How Much is a Workplace Discrimination Claim Worth?
When you’ve experienced harassment, discrimination, or a hostile working environment, chances are you want justice. The difficult truth is that “justice” is not something you can win in court. You can never be “un-harassed” and you can never get back the time and energy you’ve spent coping with your experience. Instead, courts award money to help you make up the financial losses you suffered because of discrimination.
So, how much is your discrimination case worth?
There is no straight answer because no two cases are the same. This article will explain what you need to win a discrimination claim and the different types of damages you could receive. Keep in mind that every case is different; an experienced employment attorney can help you understand what your case is worth.
Typically, monetary awards (called “damages”) include back pay (lost wages), reinstatement (getting your job back), front pay (if you cannot return to your job), and attorney fees and costs. If your case wins in federal court, you could also receive compensatory damages (pain and suffering) and punitive damages (punishment against an employer). This article goes into more detail on these topics later.
Keep in mind that almost every discrimination case is settled outside of court. Parties can choose mediation or to settle the dispute informally, often reaching an agreement through email exchanges and phone calls. Hiring an employment attorney to help guide you through negotiations can maximize your settlement.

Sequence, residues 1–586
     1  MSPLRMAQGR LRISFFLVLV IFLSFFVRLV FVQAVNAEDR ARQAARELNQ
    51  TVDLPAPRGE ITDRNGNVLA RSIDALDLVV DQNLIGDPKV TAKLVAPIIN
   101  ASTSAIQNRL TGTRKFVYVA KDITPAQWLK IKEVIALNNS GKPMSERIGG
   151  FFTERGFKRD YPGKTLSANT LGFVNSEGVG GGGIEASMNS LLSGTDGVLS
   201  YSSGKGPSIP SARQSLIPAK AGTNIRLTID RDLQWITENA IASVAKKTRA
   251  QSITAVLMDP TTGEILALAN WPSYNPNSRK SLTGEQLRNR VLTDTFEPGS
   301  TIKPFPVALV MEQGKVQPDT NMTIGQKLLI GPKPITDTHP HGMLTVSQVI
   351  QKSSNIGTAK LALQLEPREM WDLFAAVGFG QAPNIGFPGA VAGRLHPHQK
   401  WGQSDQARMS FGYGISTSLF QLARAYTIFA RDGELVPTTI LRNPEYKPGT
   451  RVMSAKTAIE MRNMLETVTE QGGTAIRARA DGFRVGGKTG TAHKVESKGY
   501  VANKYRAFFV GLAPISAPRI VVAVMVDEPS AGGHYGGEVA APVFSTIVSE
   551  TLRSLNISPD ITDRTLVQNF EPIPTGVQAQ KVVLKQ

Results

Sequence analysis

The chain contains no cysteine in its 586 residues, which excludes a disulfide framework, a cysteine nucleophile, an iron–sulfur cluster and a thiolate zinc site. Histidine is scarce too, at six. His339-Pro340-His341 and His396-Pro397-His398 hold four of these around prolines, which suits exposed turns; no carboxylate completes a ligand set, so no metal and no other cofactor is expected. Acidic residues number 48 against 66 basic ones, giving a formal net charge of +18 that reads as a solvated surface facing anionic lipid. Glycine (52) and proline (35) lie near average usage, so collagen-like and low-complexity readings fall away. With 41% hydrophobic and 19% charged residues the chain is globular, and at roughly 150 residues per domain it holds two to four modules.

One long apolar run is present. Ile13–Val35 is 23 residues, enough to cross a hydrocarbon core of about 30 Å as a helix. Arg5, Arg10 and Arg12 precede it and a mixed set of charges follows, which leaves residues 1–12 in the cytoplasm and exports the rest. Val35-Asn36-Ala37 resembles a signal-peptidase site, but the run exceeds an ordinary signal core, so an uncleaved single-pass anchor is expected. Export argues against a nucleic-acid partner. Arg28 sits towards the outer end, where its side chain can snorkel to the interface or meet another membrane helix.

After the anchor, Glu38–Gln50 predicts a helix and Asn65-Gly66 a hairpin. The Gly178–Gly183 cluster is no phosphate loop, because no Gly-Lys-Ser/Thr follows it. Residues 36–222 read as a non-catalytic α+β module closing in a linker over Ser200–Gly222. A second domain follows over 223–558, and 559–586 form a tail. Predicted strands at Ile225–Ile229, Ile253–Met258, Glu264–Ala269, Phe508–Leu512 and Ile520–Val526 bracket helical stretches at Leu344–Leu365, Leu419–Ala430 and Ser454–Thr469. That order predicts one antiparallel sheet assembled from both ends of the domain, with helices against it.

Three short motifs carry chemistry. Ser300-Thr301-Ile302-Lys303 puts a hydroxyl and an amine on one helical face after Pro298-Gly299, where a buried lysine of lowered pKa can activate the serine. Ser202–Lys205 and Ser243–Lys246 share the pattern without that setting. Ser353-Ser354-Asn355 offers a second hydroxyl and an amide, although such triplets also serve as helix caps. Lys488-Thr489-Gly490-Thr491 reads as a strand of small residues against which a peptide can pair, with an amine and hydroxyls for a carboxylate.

Understanding Workplace Discrimination
Discrimination in the workplace can happen at any stage of employment: the hiring process, performance reviews, scheduling, assignment of duties, workplace policies, pay rates, promotions, training, discipline, and termination.
However, not all adverse employment actions are against the law. Often, employees are surprised to learn their employer can legally fire them without any reason. Generally speaking, employers can single-out any employee and subject them to unfair standards unless the action is based on or motivated by the employee’s membership in a protected class.
A protected class is a group of people with a common characteristic who are legally protected from employment discrimination based on that characteristic. Under the Wisconsin Fair Employment Act (WFEA), protected classes include age, race, creed, color, disability, marital status, sex, national origin, ancestry, sexual orientation, arrest record, conviction record, military service, use or nonuse of a lawful product off the employer’s premises during nonworking hours, and declining to attend a meeting or to participate in any communication about religious or political matters.
Under federal law, protected classes include race, color, religion, sex (including pregnancy, sexual orientation, or gender identity and transgender status), national origin, age (40 or older), disability and genetic information (including family medical history).The burden is on the employee to prove that the employer’s action (or inaction) was based on or motivated by the individual’s membership in a protected class.